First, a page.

Ladies, time to put on your party face! Smile so people you don't like will like you!
Or so women have always been told.
Party Face, a clever, astute new play written by Isobel Mahon and directed by the impressive Amanda Bearse, is a strong, insightful play about who women are behind their party faces, even while other women are encouraging them to keep that party face front and center.
In an aspiring suburb of Dublin, Ireland, Mollie Mae (Gina Costigan) is getting ready to host a small party in her beautiful new kitchen extension (a gorgeous set by Jeff Ridenour). This is her first party in a while, and for good reason. She has been "away" for extenuating personal reasons, which become revealed to the audience in due time.
The attendees include her lovingly critical mother Carmel (Oscar winner Hayley Mills), who arrives early to help get everything ready, for Mother knows best and Daughter, decidedly, cannot possibly be ready in a way that will impress Chloe (Allison Jean White), whom Carmel has invited because she lives two doors down (and damned if she is not a younger version of Carmel herself).
This delights Carmel to no end, particularly as her elder daughter Maeve (Brenda Meaney) enters the scene. Smart, sardonic Maeve, dressed in businesswear, is the antithesis to fluffy fuchsia-clad Chloe; the two have moved in the same social circles for years and are certainly not glad to see each other.
Completing the cast is Klea Blackhurst as Bernie, the warmest, most well-adjusted character of all, who clearly has all of her own problems (including an affinity for clingwrap) but has faced and embraced them. This frees her up to be the truest friend of all, even to those she has just met.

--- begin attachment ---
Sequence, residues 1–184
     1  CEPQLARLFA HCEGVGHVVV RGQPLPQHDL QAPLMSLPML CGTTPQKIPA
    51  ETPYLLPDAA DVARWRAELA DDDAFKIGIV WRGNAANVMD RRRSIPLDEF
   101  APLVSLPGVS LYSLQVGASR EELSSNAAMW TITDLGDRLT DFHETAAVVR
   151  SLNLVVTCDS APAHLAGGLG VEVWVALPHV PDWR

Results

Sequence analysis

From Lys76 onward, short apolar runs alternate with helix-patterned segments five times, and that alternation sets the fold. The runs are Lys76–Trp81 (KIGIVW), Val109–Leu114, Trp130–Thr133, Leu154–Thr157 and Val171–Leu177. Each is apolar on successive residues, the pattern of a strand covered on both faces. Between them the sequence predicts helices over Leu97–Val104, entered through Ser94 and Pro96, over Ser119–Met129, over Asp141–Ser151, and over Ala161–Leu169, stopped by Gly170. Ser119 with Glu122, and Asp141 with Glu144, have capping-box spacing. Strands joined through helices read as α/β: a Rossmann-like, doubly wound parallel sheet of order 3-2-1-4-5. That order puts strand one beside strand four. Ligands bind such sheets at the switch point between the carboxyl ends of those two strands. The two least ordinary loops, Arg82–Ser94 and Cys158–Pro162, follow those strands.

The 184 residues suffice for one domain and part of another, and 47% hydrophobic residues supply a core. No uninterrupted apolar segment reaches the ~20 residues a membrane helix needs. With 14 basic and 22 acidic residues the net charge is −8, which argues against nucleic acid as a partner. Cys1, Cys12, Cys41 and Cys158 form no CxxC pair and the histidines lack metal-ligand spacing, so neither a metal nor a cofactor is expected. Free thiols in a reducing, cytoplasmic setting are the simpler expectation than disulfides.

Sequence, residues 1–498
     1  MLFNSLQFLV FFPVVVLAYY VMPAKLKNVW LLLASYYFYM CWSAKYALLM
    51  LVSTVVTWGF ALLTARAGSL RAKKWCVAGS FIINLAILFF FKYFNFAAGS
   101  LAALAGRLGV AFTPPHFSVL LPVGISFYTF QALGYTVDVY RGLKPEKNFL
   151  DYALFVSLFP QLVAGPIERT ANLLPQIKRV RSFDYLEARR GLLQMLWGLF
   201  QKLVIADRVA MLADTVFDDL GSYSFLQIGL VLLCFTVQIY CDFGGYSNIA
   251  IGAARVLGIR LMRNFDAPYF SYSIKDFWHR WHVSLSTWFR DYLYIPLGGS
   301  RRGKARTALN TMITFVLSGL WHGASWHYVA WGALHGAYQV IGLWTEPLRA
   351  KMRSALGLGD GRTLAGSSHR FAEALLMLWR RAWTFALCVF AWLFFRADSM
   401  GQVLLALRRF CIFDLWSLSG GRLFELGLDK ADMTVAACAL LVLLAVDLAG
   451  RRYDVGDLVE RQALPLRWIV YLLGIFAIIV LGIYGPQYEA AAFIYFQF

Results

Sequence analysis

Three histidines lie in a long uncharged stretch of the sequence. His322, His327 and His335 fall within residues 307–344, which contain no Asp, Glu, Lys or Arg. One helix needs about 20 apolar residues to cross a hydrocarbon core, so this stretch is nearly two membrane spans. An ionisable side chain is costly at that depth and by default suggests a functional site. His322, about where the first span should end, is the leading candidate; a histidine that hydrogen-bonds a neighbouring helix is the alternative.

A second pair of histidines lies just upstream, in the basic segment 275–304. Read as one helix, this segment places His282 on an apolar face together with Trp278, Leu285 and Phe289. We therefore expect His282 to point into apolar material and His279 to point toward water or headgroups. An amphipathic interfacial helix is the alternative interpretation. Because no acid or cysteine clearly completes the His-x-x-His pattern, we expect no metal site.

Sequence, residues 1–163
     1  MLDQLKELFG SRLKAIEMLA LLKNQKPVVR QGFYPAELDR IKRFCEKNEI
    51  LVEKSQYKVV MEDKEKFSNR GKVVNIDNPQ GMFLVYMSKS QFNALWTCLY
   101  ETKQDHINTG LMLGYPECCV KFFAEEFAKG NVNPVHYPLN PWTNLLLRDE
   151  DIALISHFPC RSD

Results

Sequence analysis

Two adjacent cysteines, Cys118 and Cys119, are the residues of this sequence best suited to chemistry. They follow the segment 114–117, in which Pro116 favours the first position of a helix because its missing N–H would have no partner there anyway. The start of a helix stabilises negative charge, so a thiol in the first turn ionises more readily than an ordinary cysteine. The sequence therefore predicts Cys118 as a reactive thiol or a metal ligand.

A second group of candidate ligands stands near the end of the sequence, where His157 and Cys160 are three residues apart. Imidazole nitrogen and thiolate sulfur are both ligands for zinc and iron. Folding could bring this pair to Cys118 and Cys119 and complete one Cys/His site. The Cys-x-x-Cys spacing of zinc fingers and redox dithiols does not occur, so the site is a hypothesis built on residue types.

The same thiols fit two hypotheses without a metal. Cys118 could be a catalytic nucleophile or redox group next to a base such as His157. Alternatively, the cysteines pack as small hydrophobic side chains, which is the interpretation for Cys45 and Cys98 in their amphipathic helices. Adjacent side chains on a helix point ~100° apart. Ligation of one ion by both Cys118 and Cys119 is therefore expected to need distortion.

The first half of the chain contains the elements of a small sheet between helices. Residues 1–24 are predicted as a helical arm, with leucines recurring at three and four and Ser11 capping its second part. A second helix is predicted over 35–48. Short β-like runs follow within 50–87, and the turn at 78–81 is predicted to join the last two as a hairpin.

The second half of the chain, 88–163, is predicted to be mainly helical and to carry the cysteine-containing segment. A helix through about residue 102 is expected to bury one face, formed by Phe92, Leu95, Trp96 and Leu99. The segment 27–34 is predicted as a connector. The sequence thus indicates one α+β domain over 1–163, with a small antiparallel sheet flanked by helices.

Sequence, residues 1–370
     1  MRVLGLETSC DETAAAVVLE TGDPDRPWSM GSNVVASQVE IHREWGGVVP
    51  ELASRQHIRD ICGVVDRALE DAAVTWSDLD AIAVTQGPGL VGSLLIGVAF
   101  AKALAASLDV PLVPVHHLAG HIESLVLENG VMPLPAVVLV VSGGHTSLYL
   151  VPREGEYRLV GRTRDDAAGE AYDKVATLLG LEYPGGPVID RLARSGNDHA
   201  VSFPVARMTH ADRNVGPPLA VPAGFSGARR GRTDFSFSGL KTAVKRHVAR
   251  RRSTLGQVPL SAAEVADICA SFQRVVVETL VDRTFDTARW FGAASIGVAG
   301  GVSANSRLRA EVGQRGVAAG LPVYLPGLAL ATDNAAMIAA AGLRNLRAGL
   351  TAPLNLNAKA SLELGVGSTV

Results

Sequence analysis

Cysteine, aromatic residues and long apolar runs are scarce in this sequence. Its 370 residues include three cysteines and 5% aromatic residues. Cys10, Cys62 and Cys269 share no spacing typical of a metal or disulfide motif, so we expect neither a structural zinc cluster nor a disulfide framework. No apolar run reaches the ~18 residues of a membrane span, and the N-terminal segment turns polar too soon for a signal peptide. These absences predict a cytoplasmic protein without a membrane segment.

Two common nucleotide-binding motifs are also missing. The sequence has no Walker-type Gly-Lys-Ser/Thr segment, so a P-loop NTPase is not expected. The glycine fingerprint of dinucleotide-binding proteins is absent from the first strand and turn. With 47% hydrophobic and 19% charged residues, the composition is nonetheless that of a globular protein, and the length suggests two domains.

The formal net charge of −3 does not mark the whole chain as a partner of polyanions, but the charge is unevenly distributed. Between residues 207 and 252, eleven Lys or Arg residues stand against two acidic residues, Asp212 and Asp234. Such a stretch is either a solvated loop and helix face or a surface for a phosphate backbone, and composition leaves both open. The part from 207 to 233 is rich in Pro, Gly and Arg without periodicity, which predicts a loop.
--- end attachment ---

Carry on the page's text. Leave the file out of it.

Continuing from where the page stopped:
The cast is all women, with men and children mentioned only in dialogue. This keeps the focus on women's relationships to each other when men and children are not demanding their attention. Even without their presence, the women's relationships to their families are never far from their minds, but how they feel about it and themselves is brought into sharper relief.
Gina Costigan is quietly sympathetic as the self-effacing Mollie Mae, who seems to be hiding in her drab comfy clothes, struggling with whether she even wants to bring herself forward in a room full of strong personalities, even if doing so may be her salvation.
Hayley Mills plays Carmel to the hilt as that inspirational, glamorous matriarch who will never reach that "certain age" when society expects women to pack it all in and forget who they really are. Her delight at being catcalled on her way to the party is truly moving.
Allison Jean White as Chloe is so fluid and hilarious that you hope her annoying character never leaves, even as you feel the other characters' pain.
Brenda Meaney as Maeve really brought forward a character who could have easily been dismissed as too uptight to be more than a stereotypical put-upon elder sister. There is far more to Maeve than her strident walk and sensible businesswear would have you believe when you first see her, and Meaney does excellent work making the audience care about her backstory.
Klea Blackhurst is sure to have left every woman in the audience wishing they had a friend like Bernie in their lives. Her rendition of Bernie as a damaged but lovable wife, mother and friend is the epitome of what every woman constantly knows herself to be, and it is cathartic to watch her live that truth with such enjoyment.
This is one show for which everyone should put on their party face and immediately buy a ticket for themselves and a friend.